Work from Home

In 2020 something happened that changed the way people work, the COVID-19 pandemic saw a lot more people work from home. Whilst COVID is still around, since then, lots of companies now offer more working from home opportunities, whether that’s working from home all the time or a hybrid pattern of sometimes working from the office and sometimes from home. It makes working life much more flexible for lots of people.

It sounds idyllic being able to work from home, surrounded by your home comforts. But working from home isn’t as easy as it sounds and isn’t for everyone, you need a lot of discipline. You will no longer be surrounded by colleagues (no gossiping by the water cooler), there will be no one to have a friendly chat with and you can get easily distracted by social media, television or chores around the house.

Being able to work from home can be less stressful, make you more productive and give you more free time (no travelling to and from work for example) but only if you are structured, disciplined and keep a working routine to keep on top of your productivity. For some, it can also be a very lonely and solitary experience. Working from home is not suited to everybody and you do have to be careful before you go down that route. Do you have the discipline to do it?

To successfully work from home, I have some tips that you can follow:

Dedicated Workspace

Create a dedicated workspace in your home. If you have a spare room or study, turn this into your home office. Having a place to “go to” work puts you in a much better state of mind than trying to work from your living room, sitting on a comfy sofa with the television on.

Make It Look More Like An Office

Wherever you make your dedicated workspace, try to make it look like a workspace or office. Having it looking like a spare room or even your living room will be too distracting and less productive. You might have issues with not being able to find what you need, take more breaks than necessary and end up doing less than required and falling behind in your work.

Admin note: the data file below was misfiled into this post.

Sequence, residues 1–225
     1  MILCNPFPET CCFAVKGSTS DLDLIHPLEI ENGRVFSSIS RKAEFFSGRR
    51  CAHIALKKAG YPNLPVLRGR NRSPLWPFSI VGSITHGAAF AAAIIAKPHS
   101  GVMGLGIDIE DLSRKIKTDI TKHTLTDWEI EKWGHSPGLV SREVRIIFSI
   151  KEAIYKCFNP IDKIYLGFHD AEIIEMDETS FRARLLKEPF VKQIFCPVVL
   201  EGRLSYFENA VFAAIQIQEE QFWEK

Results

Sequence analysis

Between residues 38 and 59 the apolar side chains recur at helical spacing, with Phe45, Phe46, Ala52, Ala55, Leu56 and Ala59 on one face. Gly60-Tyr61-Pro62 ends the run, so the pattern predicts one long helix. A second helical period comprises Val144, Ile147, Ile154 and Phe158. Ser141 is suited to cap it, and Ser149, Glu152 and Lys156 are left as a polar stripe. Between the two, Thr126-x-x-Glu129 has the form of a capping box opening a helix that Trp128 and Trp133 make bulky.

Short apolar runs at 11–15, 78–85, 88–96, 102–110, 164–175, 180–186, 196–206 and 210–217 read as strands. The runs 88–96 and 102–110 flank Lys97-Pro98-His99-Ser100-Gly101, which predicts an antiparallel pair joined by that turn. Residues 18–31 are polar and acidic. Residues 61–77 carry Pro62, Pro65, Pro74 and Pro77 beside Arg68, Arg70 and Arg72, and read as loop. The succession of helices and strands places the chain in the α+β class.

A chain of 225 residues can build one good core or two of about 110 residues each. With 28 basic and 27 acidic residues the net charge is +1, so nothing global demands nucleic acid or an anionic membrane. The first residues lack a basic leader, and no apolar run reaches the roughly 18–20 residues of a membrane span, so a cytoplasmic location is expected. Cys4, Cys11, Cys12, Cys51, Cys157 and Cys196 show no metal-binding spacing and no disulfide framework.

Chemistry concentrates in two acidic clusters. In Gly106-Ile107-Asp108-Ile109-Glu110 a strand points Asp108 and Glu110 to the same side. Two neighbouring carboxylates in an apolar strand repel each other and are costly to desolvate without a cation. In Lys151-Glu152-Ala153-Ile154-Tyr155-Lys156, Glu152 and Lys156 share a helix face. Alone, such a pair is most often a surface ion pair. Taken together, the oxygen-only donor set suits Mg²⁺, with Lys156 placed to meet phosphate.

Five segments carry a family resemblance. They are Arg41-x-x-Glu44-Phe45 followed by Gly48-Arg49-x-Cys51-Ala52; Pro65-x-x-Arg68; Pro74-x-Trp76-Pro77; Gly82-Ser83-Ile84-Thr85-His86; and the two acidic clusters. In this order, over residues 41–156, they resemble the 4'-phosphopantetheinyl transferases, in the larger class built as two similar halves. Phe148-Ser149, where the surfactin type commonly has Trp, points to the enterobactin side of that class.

Make sure you have a desk, comfortable chair, computer, secure and stable internet connection, good lighting and any other office/business paraphernalia that you might need to assist you in your day-to-day work.

Keep Your Phone Charged

If you are using your mobile phone to take calls all day, make sure you can keep it charged! If your phone is capable of wireless charging, make use of it. A wireless charger is an excellent way to do this as there will be no cables getting in the way or having to unplug constantly. You can even get wireless chargers in photo frames and desk clocks. If you do have to leave the office, a portable charger or powerbank is a must to keep your phone charged on the go, as are wireless earbuds or headphones.


Check Video Call Settings

If you are using video calls and software such as Teams or Zoom to have virtual work meetings, make sure you check your settings before starting to use. Blur backgrounds so that nobody can see anything that you don’t want them to (clothes hanging on radiators, personal photos etc.). Make sure audio and camera settings are working correctly. And maybe invest in a camera lens cover for your laptop camera or webcam.

Set Regular Working Hours

It is all too easy to get into the mindset that because you are working from home you can start and finish whenever you want. This doesn’t work and isn’t as productive, you really do need to set start and end times for your day – and stick to them! By doing jobs as and when you feel like it can see you working later into the night and your work then starts to creep into your personal life. If you are used to working 9 to 5, then stick to this routine. Routine is a good habit to have when you work from home. If you are working for someone else rather than yourself, you may be required to work between certain hours anyway and your employer would not be very happy if you chose to work outside of their set times (unless they have agreed them first, for school runs etc.).

Set Boundaries